As the largest provider of payroll services in the United States, Automatic Data Processing should continue to benefit from the evolving and increasingly complex relationship between businesses and their employees.
But in the medium term, we see challenges.
ADP currently enjoys a wide moat thanks to traditionally high switching costs.
The incremental investment required to add a new customer or an employee to a platform is small, which in recent years has resulted in high incremental returns and margins for ADP.
In general, employers will pay a flat service fee and then additional fees for every employee added to the system.
Though ADP possesses multiple structural benefits, we view its moat trend as negative as a result of lower switching costs and a decreasing cost advantage.
ADP's legacy technology platform is the result of years of acquisitions that weren't fully integrated and is seemingly cobbled together using antiquated systems--some from the 1980s.
ADP's technology has likely contributed to its client retention issues, as younger, more tech-savvy companies in the space--such as Workforce, Ultimate Software, Intuit, and Namely--pose a significant technological threat.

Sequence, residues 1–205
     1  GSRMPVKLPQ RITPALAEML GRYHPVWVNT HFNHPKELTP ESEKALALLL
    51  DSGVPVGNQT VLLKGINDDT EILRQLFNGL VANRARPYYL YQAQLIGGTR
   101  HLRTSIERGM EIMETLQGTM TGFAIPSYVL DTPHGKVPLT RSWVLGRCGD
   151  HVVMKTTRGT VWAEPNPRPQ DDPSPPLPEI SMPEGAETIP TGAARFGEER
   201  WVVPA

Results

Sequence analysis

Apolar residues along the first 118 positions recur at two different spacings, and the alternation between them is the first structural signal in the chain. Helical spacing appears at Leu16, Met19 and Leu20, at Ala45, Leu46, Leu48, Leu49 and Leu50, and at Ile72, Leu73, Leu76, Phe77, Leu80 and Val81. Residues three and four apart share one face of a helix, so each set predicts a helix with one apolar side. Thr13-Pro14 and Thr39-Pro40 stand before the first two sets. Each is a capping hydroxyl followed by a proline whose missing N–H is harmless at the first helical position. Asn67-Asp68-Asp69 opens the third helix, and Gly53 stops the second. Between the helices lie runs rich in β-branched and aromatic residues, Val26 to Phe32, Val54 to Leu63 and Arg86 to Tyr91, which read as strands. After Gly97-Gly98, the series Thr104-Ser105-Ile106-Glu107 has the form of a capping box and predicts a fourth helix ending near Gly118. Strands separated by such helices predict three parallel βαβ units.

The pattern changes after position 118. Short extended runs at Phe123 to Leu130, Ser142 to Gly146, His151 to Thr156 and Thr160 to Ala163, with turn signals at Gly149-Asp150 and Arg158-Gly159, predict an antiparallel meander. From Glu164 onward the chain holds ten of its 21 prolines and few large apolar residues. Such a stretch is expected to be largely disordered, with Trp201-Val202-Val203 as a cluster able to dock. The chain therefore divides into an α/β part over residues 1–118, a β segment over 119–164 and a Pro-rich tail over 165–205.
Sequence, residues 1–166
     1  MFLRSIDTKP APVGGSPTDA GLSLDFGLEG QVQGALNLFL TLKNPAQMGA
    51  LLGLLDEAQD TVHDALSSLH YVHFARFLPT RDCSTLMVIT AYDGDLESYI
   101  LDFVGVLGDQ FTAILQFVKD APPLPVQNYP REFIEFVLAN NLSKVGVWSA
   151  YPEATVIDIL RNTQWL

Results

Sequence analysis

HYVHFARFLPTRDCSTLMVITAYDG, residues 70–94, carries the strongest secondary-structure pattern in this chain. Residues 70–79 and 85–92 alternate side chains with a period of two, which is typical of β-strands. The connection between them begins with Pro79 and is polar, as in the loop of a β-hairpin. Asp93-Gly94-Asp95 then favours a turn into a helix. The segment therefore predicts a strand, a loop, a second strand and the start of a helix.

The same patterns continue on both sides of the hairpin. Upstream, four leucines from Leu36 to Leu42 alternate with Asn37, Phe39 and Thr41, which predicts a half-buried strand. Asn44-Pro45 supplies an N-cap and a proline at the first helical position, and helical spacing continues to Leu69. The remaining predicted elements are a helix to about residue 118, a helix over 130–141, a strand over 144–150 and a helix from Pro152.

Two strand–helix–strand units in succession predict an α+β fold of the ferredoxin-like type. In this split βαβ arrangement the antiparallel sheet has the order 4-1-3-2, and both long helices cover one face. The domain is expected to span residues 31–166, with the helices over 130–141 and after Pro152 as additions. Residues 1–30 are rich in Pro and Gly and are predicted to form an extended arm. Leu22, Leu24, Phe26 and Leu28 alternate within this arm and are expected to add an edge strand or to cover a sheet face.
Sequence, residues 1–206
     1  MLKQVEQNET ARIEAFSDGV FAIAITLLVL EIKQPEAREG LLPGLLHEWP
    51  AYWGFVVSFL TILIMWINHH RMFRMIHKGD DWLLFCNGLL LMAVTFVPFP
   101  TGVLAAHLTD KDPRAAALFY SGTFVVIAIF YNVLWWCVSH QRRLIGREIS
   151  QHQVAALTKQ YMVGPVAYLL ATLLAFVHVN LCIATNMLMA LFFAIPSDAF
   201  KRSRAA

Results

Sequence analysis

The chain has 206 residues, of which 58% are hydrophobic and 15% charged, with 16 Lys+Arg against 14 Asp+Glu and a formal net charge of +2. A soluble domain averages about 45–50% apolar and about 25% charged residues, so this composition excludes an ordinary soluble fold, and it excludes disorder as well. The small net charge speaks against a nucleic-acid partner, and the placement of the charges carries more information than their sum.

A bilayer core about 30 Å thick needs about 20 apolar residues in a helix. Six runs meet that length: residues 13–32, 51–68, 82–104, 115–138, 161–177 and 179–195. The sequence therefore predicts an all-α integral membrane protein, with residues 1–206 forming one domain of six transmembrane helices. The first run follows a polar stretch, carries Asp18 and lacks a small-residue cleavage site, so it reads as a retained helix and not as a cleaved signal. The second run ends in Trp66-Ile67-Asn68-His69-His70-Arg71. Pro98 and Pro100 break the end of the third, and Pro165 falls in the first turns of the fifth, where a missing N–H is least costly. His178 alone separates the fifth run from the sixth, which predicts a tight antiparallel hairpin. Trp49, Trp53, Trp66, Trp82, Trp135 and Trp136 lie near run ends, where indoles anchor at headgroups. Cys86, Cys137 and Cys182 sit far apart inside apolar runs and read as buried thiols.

Going forward, we expect ADP's margins to be challenged by significant reinvestment needs and an aging technology platform.
In addition, the company has seen competition from Paycom and Paylocity, which appear to offer superior customer service.
Clients are increasingly defecting over customer service issues.
ADP's competitors have client service teams; ADP, meanwhile, has disparate teams using different systems that often don't communicate or work together to address client issues.
While ADP has been working to integrate these functions, we believe it will take years of increased spending to properly address.
Given its challenges, we think that ADP is highly overvalued today, trading around a 40% premium to our fair value estimate.